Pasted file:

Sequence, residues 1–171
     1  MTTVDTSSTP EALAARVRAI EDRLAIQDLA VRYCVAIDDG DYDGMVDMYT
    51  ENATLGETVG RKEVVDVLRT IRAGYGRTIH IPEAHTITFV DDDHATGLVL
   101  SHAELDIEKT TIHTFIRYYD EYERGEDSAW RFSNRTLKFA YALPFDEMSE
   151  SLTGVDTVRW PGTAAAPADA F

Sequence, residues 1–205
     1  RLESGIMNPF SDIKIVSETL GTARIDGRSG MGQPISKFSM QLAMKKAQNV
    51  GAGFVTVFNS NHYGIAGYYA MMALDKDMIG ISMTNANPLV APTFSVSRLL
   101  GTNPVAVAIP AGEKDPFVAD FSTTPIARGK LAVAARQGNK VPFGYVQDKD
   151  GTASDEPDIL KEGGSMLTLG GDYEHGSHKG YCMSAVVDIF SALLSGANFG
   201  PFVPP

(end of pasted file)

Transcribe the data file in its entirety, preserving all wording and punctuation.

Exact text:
Sequence, residues 1–171
     1  MTTVDTSSTP EALAARVRAI EDRLAIQDLA VRYCVAIDDG DYDGMVDMYT
    51  ENATLGETVG RKEVVDVLRT IRAGYGRTIH IPEAHTITFV DDDHATGLVL
   101  SHAELDIEKT TIHTFIRYYD EYERGEDSAW RFSNRTLKFA YALPFDEMSE
   151  SLTGVDTVRW PGTAAAPADA F

Sequence, residues 1–205
     1  RLESGIMNPF SDIKIVSETL GTARIDGRSG MGQPISKFSM QLAMKKAQNV
    51  GAGFVTVFNS NHYGIAGYYA MMALDKDMIG ISMTNANPLV APTFSVSRLL
   101  GTNPVAVAIP AGEKDPFVAD FSTTPIARGK LAVAARQGNK VPFGYVQDKD
   151  GTASDEPDIL KEGGSMLTLG GDYEHGSHKG YCMSAVVDIF SALLSGANFG
   201  PFVPP